I wonder if our parents felt as strongly when subjected to Tiffany’s “I Saw Him Standing There”
To go all codgery for a moment: Karate Kid remake?
DO. NOT. WANT.
Oh, well. At the very least, it gives me a reason to remind people that scriptwriter Robert Mark Kamen’s opening of the original remains iconic 26 years later, and that kids today are watching and enjoying and quoting from that version, which says an awful lot.
EDIT: added May 31 –
Upon further review while mowing the lawn yesterday, I concede a minor error in the inclusion of Tim Burton’s Charlie and the Chocolate Factory in this category, since it’s really an interpretation of the original book and not based on the 1971 Willy Wonka movie.
In fact, I’d feel a lot less cranky about this new Karate Kid movie if, similarly, it was based on some sort of original source material from which the 1984 version was also drawn – but it’s not. And what my irritation comes down to in light of that, I think, is the usage of the title. (Put that way, yes, it does make me sound a little irrational, and that wouldn’t be an entirely off-base assessment.)
Because here’s the thing: If you want to make a misfit/mentor coming-of-age movie, go ahead – it’s a generic enough storyline that anyone can tackle it. Don’t call it The Karate Kid, though. Consider the way Love Don’t Cost A Thing was a pull-no-punches remake of Can’t Buy Me Love, for instance: I’m OK with that. Same story, two different movies, and both get their own identity.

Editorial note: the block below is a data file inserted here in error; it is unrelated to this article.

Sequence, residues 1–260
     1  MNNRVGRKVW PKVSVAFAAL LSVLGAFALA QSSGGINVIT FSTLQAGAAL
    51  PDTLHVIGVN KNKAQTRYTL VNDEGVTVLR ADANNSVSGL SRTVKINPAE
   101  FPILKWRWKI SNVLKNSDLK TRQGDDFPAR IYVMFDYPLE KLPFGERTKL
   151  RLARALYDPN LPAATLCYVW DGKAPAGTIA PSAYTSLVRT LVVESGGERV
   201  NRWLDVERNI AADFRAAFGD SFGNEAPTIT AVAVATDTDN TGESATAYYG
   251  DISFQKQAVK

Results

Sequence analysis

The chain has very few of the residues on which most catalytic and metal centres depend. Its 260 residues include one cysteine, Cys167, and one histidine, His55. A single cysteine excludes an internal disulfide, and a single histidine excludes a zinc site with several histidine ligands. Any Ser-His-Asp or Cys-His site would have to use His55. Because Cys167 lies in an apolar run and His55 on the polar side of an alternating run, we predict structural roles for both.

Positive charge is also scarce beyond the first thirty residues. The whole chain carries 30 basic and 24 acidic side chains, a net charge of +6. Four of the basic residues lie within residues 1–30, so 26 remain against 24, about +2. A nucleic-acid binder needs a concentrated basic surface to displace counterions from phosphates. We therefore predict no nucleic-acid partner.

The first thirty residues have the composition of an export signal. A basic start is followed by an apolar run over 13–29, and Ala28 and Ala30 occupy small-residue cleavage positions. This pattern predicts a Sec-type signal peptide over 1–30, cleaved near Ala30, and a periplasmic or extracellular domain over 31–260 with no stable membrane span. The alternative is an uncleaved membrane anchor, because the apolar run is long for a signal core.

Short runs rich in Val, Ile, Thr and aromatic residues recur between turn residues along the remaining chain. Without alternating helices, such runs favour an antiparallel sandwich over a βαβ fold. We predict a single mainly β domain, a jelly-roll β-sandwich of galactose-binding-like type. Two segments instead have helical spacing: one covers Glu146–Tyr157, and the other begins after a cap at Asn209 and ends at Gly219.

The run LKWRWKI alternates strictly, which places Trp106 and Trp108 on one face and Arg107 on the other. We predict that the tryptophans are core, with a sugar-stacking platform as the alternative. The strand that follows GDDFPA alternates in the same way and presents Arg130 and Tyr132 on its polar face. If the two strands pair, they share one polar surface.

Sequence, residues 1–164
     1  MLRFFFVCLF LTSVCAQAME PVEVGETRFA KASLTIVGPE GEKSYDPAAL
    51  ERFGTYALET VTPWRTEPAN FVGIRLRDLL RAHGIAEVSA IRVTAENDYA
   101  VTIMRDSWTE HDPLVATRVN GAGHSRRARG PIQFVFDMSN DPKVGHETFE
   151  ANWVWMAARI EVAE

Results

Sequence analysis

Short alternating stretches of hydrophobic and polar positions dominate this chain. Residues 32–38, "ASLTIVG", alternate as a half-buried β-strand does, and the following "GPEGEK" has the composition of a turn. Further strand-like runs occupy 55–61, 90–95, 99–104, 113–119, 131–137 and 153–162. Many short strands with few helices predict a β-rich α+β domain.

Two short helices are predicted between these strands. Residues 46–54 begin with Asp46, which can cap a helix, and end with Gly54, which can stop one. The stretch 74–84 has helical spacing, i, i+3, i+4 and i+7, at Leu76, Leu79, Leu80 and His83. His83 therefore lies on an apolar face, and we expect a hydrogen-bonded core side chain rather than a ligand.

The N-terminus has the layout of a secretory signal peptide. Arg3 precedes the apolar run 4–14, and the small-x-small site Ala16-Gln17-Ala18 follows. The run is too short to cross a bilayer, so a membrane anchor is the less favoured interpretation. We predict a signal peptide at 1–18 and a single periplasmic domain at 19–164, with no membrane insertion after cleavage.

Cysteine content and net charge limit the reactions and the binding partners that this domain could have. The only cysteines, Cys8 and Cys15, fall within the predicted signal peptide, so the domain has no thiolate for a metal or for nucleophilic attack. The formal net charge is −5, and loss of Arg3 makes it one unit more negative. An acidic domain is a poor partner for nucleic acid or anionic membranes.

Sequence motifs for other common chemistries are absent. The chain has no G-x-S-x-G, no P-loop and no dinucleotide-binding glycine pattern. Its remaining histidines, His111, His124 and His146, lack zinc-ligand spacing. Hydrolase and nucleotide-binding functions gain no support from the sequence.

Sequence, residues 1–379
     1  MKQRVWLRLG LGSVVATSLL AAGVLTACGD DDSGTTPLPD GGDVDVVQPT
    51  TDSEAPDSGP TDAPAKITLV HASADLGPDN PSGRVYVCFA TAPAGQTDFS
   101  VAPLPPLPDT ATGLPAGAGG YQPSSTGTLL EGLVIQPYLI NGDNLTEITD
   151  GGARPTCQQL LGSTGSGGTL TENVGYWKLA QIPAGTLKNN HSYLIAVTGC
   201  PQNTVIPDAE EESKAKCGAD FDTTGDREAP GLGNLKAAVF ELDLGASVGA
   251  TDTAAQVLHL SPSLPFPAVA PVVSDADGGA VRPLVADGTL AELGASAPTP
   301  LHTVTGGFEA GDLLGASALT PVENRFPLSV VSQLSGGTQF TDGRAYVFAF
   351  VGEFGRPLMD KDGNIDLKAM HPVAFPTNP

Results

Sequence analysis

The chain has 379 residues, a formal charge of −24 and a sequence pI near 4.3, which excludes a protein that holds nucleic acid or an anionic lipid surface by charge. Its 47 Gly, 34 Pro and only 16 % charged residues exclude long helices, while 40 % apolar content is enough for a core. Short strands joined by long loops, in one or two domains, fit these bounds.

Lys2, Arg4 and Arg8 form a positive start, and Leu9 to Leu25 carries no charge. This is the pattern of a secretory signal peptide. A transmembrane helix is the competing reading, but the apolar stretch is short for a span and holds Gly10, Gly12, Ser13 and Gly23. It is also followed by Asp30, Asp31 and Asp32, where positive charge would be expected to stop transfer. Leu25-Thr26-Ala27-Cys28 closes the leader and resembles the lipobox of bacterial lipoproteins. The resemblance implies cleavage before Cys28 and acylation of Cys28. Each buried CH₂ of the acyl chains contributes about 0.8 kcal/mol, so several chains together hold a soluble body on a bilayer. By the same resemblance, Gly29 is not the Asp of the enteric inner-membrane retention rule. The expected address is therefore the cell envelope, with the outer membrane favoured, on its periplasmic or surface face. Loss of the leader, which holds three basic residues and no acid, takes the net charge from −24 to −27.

Call this Jackie Chan movie Kung-Fu Urchin or Martial-Arts Manly Makover or something, and honestly, I’d care a whole lot less. My feeling though, is that Hollywood knows a movie like that – without the benefit of the original’s title – would probably strike people as much more of a Three Ninjas or Wendy Wu, Homecoming Warrior than the marketable summer star-maker they’re clearly hoping the new Karate Kid becomes. (Me, I’m hoping it goes the way of Gus Van Sant’s Psycho, but then again, I’m bitter that way.)
And it may be a fine movie. It may even be a great movie, even if its makers didn’t have the faith enough in their own craft to let it stand on its own. But it’s still not The Karate Kid.